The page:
She feels women are ruled by men because they are weak and Antigone has asked Ismene to help her in breaking the law, and to giving her brother a proper burial. By doing so Ismene knows that the law Creon has established is going to be broken. She tells Antigone, “We are only women, we cannot fight men” (Prologue 48). Ismene believes that women are in no position to question the
Antigone could not live her life suffering because of her brother, therefore she withdrew the punishment, which led to her taking her own life because she was not able to honor her brother in a proper burial. Not only did Antigone die for what she believed what right, but she sacrificed her own life for the gods’ law. Divine law vs. man’s law and the “place” of women are two of the many main themes of Antigone. The theme divine law vs. man’s law is brought up when Antigone had asked
Also she did not want to leave any possibility of revenge that the children could take on killing of their father’s wife. Medea’s actions are justified by her emotions as they are difficult thing to control at times. She is also raised in a different culture so she did not conform to the values of Corinth and did not easily accept that Jason married another woman. For the male audience, the evil deeds of Medea confirm their belief that women should be uneducated and kept at home. Medea was a divine character.
Antigone goes against her uncle’s command to leave her brother’s corpse and buries his body, saying, “It’s not for him to keep me from my own.” (48). This disobedience of Creon’s order is the beginning of the end for the royal family. This action is seen by everyone else in the play as disobeying authority and one could infer she believes that under the right circumstances, to infringe upon authority is appropriate. Having said that, there is another degree to Antigone’s creed: toward the end of the play, Antigone tells Creon, “For me, it was not Zeus who made that order. Nor did that Justice who lives with the gods below were so strong that you, a mortal man, could ever over-run the gods’ unwritten and unfailing laws.
Although Ophelia had the best intentions, she abandoned Hamlet when he needed support and obeyed her father instead. POLONIUS “[…] I would not, in plain terms, from this time forth Have you so slander any moment leisure As to give words or talk with the Lord Hamlet. Look to 't, I charge you. Come your ways.” OPHELIA “I shall obey, my lord (1.3.141-145).” Ophelia broke up with him right after his father died. Polonius and Claudius then used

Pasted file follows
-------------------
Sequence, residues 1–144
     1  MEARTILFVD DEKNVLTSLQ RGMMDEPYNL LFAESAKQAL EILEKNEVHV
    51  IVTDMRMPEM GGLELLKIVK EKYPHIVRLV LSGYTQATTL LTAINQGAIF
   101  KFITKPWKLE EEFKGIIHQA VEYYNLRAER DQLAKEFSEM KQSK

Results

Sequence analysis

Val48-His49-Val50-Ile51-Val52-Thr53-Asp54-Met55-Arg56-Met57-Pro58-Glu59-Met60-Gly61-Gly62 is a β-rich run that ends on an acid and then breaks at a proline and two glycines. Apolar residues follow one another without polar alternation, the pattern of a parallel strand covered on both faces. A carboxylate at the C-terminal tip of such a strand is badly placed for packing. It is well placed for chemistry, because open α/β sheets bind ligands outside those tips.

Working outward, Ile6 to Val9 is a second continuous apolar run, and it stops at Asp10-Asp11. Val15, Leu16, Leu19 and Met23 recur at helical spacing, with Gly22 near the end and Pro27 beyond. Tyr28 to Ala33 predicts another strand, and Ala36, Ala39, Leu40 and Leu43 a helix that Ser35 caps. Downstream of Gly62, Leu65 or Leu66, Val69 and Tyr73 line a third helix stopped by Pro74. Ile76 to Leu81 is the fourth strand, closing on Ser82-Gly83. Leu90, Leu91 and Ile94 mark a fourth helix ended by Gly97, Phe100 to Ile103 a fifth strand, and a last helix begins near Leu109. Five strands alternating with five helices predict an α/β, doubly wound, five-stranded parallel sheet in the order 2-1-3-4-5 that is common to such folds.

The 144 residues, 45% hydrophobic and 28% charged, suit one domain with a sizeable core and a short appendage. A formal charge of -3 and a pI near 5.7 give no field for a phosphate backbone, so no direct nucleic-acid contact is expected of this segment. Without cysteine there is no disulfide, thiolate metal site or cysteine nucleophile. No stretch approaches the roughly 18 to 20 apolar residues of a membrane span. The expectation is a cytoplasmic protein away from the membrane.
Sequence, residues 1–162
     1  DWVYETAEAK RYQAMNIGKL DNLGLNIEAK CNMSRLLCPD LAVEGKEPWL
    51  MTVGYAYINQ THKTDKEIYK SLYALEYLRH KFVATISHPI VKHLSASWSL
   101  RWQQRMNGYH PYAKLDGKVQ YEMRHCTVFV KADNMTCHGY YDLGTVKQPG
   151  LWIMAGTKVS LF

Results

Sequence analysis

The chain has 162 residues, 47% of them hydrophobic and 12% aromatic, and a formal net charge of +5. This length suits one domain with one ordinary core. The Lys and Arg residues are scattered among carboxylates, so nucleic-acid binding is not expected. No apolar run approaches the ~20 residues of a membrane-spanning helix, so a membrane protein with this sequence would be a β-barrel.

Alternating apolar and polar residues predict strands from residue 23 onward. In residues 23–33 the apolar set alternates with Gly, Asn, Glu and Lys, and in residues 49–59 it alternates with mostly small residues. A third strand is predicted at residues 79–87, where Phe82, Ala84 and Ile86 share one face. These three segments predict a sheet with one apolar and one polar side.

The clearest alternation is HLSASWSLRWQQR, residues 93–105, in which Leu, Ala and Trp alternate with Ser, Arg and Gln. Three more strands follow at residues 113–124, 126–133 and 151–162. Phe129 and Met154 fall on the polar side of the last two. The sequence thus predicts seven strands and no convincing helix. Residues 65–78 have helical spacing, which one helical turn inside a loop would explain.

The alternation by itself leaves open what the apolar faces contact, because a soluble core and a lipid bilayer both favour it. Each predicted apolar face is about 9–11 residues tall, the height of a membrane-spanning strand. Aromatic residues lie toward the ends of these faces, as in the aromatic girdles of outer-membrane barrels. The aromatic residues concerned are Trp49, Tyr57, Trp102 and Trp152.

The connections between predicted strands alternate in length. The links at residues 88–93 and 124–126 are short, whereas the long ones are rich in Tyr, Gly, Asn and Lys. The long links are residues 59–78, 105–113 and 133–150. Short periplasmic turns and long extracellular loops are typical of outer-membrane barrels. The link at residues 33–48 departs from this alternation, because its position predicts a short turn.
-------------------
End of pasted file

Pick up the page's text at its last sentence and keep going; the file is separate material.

Antigone and Ismene, one fearless and one submissive. Antigone wishes to properly burry her brother Polyniece by contradicting to Creon edict, whereas Ismene does not follow her sister as she fears the death penalty that would be waiting for her if she went against Creon, her uncle.
To yield is grievous, but the obstinate soul That fights with Fate, is smitten grievously.-Creon Antigone goes against the King's law in order to honor her brother and do what she believes is right. Knowing that death is unavoidable if she chooses to go down that path doesn't bother because she believes that living a morley dishonorable life is worse than living no life at all. Antigone wants to be in charge of her own life and wants to be the controller of her own fate. Between the two poems “If We Must Die” by Claude Mckay and ‘Invictus’ by William Ernest Henley the poem that best represents Antigone character is ‘Invictus’. “If We Must Die”by Claude Mckay places emphasis on a meaningful death and never giving up even when the odds aren't in your favor.
Thus, unlike the characters around her, such as the sneaky minister or the greedy lovers, Hester is the one character who lives by reality instead of appearance. The best example of this is her lifestyle before and after she is shunned. Before her exile, Hester recognizes the unjust nature of the laws around her. She refuses to follow them and present a façade of perfection and happiness. When Dimmesdale demands that she name her baby’s father and promises that her sentence will be lightened as a reward, Hester steadfastly refuses (Hawthorne, 1850).
When she says, “unsex me here”, she wants her femininity to be taken away because she thinks that men are more courageous, and she needs bravery to kill Duncan. The language used suggests that her womanhood impedes her from performing acts of violence and cruelty, which she associates with masculinity. Since she represents the “breasts” and “milk” as symbols of woman and nurture. As the play go on, the relationship between masculinity and violence will be shown by Macbeth. In addition, he is not capable of committing murder, but his wife is the one who encourages him to do it, saying that “he needs to be a man”.
However, if the King and Queen had equal power, perhaps the Knights punishment would have been different and they would respect each other. Later on in “The Wife of Bath’s Tale”, the Knight was punished and his punishment was to marry the old women, he refused and was being disrespectful to her, he was saying she was old and ugly and he would not marry her. He eventually agreed because his life depended on